Ransomware - Is Your Practice Vulnerable?

Aug 10, 2016 at 04:03 pm by Staff


Ransomeware, Cryptolocker, Cryptowall, whatever you call it, is costing medical practices and hospitals lots of money in ransom actually paid, lost time in dealing with the issue and in some cases denied access to critical records when they are most needed.

What is it?

Ransomware is malware (malicious software and comes from the Internet) that infects a computer and then encrypts files (makes them unreadable) until victims pay ransom to have them unlocked. Usually, hackers target individuals for $300 to $400 each, but more and more doctor's offices and medical facilities have been hit as well. There is only one way to get your data back without paying which we will discuss later.

One of the most extreme cases of this took place in February, when Hollywood Presbyterian Medical Center handed over $17,000 to hackers who took over its systems. Since then, two other hospitals in California, as well as in Kentucky and Maryland, were also hit. By the end of this year it is predicted that over 1 billion will be paid to hackers in these schemes. The ransom is usually paid in Bitcoin, an online only currency, that is virtually untraceable.

Why is this happening?

While ransomware isn't new, it was rare in the past for hospitals and doctors' offices to be targeted. It is mostly happening because it is working. All types of businesses have been hit and the ransom is usually pretty low because the hackers know if they want to get paid they need to make it somewhat affordable. Since several high profile cases like the one listed above have hit the news, the attacks have increased.

What can I do to protect myself?

First and foremost - educate your employees! The Hospital listed above was hit when one employee clicked on one attachment to an email that infected their machine. Most infections come when an employee clicks on an attachment, a link in an email, or a pop-up that shows up on their machine. Do not give employees email that do not need it and have an enforceable policy they should not be checking personal email (or social media accounts) on office provided machines.

Don't ever open an attachment to an email unless it is something you were expecting. Hackers can send email from someone else's PC that looks very valid. If you are unsure whether something is valid, call the person and ask if they meant to send it to you.

A common email that contains malicious attachments that we have seen is titled "your practice name - Invoice APR000192957". It appears to have an innocent PDF or Word document attached, but it is actually a virus laden file that will infect your PC. Once the encryption starts, it cannot be removed without an unlocking key - only available after you pay the ransom.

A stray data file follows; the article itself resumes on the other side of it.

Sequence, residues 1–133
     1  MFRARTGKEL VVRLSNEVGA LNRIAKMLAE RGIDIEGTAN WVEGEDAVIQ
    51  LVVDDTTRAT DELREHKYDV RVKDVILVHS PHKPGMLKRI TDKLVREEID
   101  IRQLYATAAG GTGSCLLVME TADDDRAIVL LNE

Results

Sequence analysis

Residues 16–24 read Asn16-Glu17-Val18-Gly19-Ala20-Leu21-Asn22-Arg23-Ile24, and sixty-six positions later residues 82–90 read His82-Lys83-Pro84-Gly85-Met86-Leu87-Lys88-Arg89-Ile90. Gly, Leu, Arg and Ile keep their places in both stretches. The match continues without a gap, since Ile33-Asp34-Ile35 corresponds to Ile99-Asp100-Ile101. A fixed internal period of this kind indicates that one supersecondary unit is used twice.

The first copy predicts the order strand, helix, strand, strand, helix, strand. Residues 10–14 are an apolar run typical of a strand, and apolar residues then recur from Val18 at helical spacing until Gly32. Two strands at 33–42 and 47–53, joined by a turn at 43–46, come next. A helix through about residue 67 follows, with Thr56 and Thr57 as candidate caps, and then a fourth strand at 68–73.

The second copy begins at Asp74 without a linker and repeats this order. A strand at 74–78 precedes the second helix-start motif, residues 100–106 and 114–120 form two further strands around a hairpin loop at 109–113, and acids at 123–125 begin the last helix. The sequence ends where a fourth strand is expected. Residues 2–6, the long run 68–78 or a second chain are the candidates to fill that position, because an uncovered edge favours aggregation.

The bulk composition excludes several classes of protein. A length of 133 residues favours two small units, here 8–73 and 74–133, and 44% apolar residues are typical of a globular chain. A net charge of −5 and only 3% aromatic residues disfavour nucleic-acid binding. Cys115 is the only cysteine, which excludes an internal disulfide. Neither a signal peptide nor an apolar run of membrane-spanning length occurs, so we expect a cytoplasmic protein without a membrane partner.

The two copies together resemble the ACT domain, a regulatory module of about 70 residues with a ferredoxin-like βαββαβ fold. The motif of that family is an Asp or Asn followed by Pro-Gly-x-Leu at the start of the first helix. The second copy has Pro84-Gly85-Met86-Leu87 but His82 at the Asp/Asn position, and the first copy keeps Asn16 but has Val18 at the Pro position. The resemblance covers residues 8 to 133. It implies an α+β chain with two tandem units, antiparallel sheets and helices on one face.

Also, have good backups and work with a good IT company. This cannot be overstated. Once the data is encrypted, the only way to get it back is to pay the ransom and get an unlocking key or to have your IT company restore (overwrite) your data from your most current backup.

At our company we install "constant" backup systems. They backup the data changed on your servers every 15 minutes. This way, in case your data gets encrypted, you would only lose 15 to 30 minutes worth of input. If you realize at 3:45 you have been infected, then we can restore all data to the way it was at 3:30. If you have a typical backup system, you would have to restore from the "night before." While that is not bad at 10:00 in the morning, it is really bad at 5:00 in the afternoon.

Make sure all your PCs and Servers are constantly being patched. This means that operating system patches are being applied to your systems as soon as they are published. Often PCs or servers that have been infected are not patched regularly.

How do you know if you are being patched? Have your IT company provide you with a monthly report that proves they are patching your machines regularly. They should also provide you with a report of all Internet activity through your firewall.

A good firewall report can show you all activity from each user on the Internet as well as how the firewall is working to prevent intrusions into your network - which is the most important reason to have a firewall. If you are not getting a report like this from your internal IT person or your outsourced IT company, then you should ask for it. All commercial grade firewalls have the ability to produce these types of reports.

In the end, it falls on you to make sure cybersecurity is a priority in your practice. Take a hard look at your security and take these threats seriously. With the rise in cybercrime this is not a risk you can ignore anymore.

Tim Taylor is the founder and President of TaylorWorks, Inc., a managed IT services provider in Central Florida. For over 15 years Tim's team has worked with hundreds of medical practices and businesses with their IT and HIPAA compliance needs. Tim can be reached at ttaylor@taylorworks.com.






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